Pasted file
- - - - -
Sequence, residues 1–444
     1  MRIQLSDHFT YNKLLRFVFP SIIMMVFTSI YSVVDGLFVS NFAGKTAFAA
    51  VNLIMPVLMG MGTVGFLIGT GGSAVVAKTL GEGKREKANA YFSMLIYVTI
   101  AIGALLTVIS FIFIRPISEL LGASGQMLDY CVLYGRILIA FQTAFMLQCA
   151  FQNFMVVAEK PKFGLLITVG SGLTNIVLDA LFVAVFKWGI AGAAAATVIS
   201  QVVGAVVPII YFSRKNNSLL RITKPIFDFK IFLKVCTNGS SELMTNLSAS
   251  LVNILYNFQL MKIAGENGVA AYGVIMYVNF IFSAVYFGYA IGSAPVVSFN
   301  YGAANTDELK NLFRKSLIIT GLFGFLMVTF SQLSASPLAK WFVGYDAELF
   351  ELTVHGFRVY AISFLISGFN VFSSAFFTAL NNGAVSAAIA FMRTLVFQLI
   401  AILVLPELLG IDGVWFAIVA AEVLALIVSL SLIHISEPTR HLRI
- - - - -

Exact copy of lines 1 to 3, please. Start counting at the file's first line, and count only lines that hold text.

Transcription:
Sequence, residues 1–444
     1  MRIQLSDHFT YNKLLRFVFP SIIMMVFTSI YSVVDGLFVS NFAGKTAFAA
    51  VNLIMPVLMG MGTVGFLIGT GGSAVVAKTL GEGKREKANA YFSMLIYVTI